• The Fiddle: C’est l’aviron

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    Ayla Bouvette, Metis artist, Sault Ste. Marie, Ontario.

    Learning what I could of traditional French Canadian music before I began the fiddle, I knew right away when taking lessons that I wanted to learn something from the canon of Voyageur songs. It is said that having a good singing voice was a job requirement to join the canoe brigades in the 18th and 19th century fur trade. Songs were vital to breaking up the monotony along the thousands of miles rowed from Montreal to the interior and back.

    Singing also served another purpose: the music helped the paddlers keep pace by timing their rowing to the songs. Song also undoubtedly helped maintain a spirit of levity and camaraderie. Some voyageur songs evoked ‘home’ – either Quebec or France. Songs would have been learned by ear and kept in memory.

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  • Québec’s Right to Exist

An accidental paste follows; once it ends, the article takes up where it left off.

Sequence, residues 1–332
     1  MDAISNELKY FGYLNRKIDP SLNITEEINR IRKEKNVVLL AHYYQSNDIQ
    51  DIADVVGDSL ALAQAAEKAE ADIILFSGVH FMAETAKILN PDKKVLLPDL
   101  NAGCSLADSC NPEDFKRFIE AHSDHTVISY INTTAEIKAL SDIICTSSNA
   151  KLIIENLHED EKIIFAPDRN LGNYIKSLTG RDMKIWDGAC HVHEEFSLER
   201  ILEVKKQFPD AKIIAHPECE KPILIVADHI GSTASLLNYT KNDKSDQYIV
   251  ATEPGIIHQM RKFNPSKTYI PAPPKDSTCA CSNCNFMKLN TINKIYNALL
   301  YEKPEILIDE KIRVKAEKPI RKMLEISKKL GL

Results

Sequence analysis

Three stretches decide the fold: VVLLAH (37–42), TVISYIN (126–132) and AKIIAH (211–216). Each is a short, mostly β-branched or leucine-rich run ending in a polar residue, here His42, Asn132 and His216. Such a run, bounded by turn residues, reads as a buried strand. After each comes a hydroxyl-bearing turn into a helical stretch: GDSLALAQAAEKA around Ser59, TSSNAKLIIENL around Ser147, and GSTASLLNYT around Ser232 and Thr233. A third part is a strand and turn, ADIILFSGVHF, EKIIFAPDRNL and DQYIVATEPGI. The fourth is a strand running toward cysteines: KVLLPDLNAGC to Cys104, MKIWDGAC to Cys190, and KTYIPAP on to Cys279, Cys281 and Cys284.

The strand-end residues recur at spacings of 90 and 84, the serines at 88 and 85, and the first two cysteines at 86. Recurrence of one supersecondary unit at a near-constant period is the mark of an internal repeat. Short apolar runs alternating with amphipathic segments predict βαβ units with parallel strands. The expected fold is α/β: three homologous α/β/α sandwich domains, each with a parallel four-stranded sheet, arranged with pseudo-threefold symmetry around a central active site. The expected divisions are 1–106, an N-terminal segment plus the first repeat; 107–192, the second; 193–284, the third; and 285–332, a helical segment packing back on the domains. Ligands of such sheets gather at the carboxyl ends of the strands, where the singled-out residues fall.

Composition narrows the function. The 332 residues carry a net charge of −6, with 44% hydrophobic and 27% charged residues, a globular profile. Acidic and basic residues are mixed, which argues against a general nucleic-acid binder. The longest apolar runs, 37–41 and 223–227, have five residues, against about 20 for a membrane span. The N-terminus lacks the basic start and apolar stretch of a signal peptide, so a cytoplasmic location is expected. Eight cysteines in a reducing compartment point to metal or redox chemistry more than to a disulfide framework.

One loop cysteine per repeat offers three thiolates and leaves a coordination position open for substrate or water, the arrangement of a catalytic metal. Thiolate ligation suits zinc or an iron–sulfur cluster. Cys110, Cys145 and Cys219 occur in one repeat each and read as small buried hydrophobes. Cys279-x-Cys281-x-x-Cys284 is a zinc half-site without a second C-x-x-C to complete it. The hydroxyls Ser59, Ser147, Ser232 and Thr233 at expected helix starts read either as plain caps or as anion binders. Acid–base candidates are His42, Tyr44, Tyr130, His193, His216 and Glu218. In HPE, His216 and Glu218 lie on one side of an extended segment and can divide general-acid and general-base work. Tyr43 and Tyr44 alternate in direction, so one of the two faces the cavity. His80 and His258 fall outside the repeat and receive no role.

The Fleur de lis is perhaps the most widely recognized symbol of French heritage in North America. This flag is was designed by artist Simon Beaudry. "Drapeau monolys" 2008.

    The Fleur de lis is perhaps the most widely recognized symbol of French heritage in North America. This flag is was designed by artist Simon Beaudry. “Drapeau monolys” 2008.

    The upcoming election (April 7, 2014) in Québec has set off a discussion on the likelihood of another sovereignty referendum if Premier Pauline Marois is reelected with an outright majority. According to polls, most Québecers currently do not want another referendum and a great deal of ink is being spilled alarming the province by raising that spectre.

    Although he has benefited in the short-term from linking Marois to an impending referendum, Liberal candidate for premier Philippe Couillard has nonetheless been forced to clarify his own views with regard to Québec’s place in Canada. He has asserted that he would demand recognition of Québec’s unique place in Canada while clearly saying that he would never support an independent Québec.

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